The rally in risk assets continued strongly in February with almost all major share and credit markets making gains. The further rally was helped by more signs of soft economic landing for the US as well as hope of government initiatives to prime growth in China. Markets continued to look towards central banks starting to lower official interest rates later this year although slowing progress reducing inflation is causing central banks to caution that rate cuts are some ways down the track. The tempering of rate cut expectations caused government bond yields to push higher in February.

Major share markets in February ranged from flat performance (0.0% change) for Britain’s FTSE 100 to a 9.3% gain for China’s CSI. The big gain in China’s share market came after several months of decline and reflected some official intervention as well as hope of policy change towards stimulating growth. Most major share markets made big gains in February including Europe’s Eurostoxx 50, up 4.9%; the US S&P 500, up 5.2%; Australia’s ASX 200, up 6.2%; and Japan’s Nikkei, up 8.8%. Several markets made record highs in the month including the US, Japanese and Australian share markets.

The strong performance by share markets carried through to credit markets notwithstanding problems showing in the US commercial real estate market and the general problem of too much supply and weak demand continuing to beset China’s property sector.

In the US, continuing signs of unexpectedly strong economic growth in the face of high interest rates continued to limit credit quality concerns in February. Australian credit spreads also narrowed in February even though Australian households carry a much higher debt burden than elsewhere and mostly at variable interest. Sharply rising Australian house prices mean that default rates are likely to rise relatively slowly as economic growth slows.

An increasing issue is whether the rallies in risk assets so far this year are sustainable as they still appear to be built partly on expectations of lower official interest rates? In the US, economic growth is resilient, 3.2% annualised in Q4 2023, and is still generating strong employment growth, a low unemployment rate and annual wage growth above 4% y-o-y – too rapid for the Federal Reserve to achieve its 2% inflation target in a reasonable time frame. Indeed, the US economy looks as if it has been through a shallow softer phase and is starting to recover.

If the US economy is in early stage recovery it is likely that progress reducing US inflation still hovering around 3% y-o-y will stall providing almost no leeway for the Federal Reserve to start cutting the 5.50% funds rate in 2024 and even raising the possibility it may need to hike rates further. In February, the US bond market still clung onto albeit diminishing hope that modest rate cuts lie ahead later in 2024. In February the US 12-months bond yield rose by 29 basis points (bps) to 5.00% while the 2-year yield rose by 42bps to 4.26%. These shorter-dated US bond yields may rise further over coming months if relatively strong US economic reports continue and reduce further the possibility of lower official interest rates this year.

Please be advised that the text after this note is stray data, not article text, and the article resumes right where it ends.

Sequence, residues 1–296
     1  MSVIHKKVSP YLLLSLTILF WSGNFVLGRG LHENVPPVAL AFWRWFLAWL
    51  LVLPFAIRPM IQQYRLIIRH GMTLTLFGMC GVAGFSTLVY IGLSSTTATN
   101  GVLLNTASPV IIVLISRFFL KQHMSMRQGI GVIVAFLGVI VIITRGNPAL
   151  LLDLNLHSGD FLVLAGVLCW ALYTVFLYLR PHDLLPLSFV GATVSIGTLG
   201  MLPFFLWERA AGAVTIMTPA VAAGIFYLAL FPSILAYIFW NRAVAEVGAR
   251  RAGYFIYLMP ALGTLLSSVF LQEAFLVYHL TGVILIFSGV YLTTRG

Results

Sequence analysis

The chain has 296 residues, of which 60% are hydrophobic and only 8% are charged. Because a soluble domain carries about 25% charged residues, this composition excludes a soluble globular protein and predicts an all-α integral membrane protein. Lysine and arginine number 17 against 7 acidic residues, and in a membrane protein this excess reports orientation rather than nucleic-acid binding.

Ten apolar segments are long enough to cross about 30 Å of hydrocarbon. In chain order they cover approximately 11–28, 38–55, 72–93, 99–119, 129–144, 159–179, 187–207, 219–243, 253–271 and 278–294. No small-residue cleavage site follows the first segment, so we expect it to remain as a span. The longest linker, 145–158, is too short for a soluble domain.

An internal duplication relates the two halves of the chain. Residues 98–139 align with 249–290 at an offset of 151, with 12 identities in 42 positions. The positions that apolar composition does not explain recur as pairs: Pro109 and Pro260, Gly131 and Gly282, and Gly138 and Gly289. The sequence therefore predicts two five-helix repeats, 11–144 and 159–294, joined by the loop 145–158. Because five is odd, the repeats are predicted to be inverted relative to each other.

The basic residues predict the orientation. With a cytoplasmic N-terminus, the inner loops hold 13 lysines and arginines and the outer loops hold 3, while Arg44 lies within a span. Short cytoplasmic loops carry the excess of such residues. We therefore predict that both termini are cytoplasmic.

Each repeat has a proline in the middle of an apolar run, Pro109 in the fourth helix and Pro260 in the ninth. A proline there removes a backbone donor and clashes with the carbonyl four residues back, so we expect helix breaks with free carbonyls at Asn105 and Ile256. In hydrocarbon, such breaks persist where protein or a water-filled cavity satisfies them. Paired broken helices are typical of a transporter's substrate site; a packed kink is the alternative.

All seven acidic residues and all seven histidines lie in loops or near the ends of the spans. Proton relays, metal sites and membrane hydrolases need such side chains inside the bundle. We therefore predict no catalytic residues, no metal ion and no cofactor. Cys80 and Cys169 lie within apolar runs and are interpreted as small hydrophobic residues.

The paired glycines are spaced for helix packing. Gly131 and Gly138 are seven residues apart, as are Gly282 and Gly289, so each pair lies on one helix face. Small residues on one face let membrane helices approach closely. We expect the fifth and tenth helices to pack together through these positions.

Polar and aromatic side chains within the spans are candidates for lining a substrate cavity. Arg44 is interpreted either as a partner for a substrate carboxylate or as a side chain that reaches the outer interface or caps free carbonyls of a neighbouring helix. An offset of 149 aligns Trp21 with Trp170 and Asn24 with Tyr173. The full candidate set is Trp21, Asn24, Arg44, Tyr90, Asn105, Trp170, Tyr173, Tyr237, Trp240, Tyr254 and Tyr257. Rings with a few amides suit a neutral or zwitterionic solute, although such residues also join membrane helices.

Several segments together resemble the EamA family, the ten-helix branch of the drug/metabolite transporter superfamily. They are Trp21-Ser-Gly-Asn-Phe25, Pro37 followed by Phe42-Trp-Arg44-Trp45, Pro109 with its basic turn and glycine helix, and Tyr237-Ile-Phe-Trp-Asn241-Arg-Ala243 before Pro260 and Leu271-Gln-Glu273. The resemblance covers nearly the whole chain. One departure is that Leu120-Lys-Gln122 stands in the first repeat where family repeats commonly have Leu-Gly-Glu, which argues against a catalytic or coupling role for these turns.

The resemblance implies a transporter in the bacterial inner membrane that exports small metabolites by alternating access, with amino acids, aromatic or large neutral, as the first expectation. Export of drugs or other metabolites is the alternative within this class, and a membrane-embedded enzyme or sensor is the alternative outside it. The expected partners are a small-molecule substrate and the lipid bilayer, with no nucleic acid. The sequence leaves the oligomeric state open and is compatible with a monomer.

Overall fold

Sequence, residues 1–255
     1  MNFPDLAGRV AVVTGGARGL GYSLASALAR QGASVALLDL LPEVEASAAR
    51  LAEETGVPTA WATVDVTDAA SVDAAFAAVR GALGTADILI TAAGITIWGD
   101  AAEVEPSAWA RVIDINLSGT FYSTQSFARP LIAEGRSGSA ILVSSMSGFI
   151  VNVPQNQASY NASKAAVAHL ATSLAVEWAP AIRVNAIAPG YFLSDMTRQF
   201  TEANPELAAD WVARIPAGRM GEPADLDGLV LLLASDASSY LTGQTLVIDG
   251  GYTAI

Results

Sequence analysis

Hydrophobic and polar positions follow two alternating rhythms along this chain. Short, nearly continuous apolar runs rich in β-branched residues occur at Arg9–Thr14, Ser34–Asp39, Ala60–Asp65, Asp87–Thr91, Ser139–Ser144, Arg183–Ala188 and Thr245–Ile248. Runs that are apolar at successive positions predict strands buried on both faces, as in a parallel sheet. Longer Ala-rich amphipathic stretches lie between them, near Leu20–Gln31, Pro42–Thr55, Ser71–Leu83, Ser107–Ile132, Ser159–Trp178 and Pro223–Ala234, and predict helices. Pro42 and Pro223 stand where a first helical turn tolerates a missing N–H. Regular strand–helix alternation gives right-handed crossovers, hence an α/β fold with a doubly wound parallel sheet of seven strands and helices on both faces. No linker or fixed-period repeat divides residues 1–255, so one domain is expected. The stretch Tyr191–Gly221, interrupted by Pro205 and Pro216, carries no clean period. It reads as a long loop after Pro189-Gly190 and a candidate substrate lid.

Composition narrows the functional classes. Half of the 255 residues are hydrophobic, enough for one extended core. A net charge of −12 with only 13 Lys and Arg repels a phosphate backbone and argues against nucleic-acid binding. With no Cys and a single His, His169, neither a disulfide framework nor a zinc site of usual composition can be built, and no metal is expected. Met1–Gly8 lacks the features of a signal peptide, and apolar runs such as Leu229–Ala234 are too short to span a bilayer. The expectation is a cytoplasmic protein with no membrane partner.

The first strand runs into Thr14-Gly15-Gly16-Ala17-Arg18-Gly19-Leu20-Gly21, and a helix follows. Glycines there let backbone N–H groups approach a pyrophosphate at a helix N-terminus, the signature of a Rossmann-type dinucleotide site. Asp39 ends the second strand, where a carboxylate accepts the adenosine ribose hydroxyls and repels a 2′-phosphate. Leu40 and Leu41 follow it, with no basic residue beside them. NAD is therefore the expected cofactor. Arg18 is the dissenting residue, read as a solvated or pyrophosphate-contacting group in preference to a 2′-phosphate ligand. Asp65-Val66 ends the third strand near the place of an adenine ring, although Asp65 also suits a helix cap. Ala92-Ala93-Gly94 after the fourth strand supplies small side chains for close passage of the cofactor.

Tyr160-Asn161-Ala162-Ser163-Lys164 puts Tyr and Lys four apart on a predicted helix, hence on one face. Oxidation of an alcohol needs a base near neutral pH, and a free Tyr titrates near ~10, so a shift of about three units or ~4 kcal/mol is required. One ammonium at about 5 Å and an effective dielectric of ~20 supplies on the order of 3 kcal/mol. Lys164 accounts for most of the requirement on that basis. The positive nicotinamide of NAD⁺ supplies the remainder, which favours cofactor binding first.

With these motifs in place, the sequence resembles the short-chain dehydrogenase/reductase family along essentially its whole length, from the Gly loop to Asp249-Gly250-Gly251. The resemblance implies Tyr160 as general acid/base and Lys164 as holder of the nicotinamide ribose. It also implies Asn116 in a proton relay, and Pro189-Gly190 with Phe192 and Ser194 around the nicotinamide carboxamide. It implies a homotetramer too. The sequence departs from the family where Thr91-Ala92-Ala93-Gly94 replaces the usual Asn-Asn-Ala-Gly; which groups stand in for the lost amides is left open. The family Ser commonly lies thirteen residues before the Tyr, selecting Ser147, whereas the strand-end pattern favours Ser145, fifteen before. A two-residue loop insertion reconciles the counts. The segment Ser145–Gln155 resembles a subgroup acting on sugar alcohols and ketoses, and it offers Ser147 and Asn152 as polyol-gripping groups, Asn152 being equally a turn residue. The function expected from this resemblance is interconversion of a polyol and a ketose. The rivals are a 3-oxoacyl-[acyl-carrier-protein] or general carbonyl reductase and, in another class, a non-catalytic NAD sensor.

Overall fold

Relatively greater upward adjustment may be needed by longer term US bond yields. Firming US growth prospects usually go together with a positively shaped US bond yield curve. While the US 10-year bond yield and 30-year yield both rose in February by respectively 35bps and 21bps to 4.26% and 4.38% these yields sit below shorter-dated bond yields. A negatively shaped bond yield curve implies much weaker economic growth ahead promoting substantial cuts to official interest rates. The opposite seems to be occurring in the US early in 2024 opening the possibility that longer-term US bond yields could push up to 5.00% and more this year.

In Australia, economic growth is much softer than in the US mostly because household spending growth is under greater stress in Australia compared with the US. Australian Q4 GDP out this week is expected to show an increase of only 0.3% q-o-q reducing annual growth to around 1.5% y-o-y from 2.1% in Q3 2023. Employment growth took a noticeably weaker turn late in 2023 and the unemployment rate has started to rise. Wage growth above 4% y-o-y and inflation hovering well above 3% y-o-y are preventing the RBA from starting to cut its 4.35% cash rate, but the prospects of a rate cut later this year are higher than for the US.

Australian bond yields rose in February but by less than US counterparts. The Australian 2-year bond yield rose by 19bps to 3.79%, while the 10-year bond yield also rose by 19bps to 4.13%. The RBA at its first policy meeting for 2024 in early February reminded the market that the bar is still set high for starting to cut official interest rates requiring signs of moderating annual wage growth and rising labour productivity. While the bar could be cleared, it is unlikely to occur until later this year at earliest.

The softer growth outlook for Australia compared with the US growth outlook means that Australian bond yields will not be under pressure to rise much further and could rally sustainably later in the year if weaker economic growth and labour market signs persist. We pencil in one RBA rate cut late in the year taking the cash rate down to 4.10% by year end, but that first rate cut could be delayed by untoward wage growth (sticking above 4% y-o-y) or too little improvement in productivity.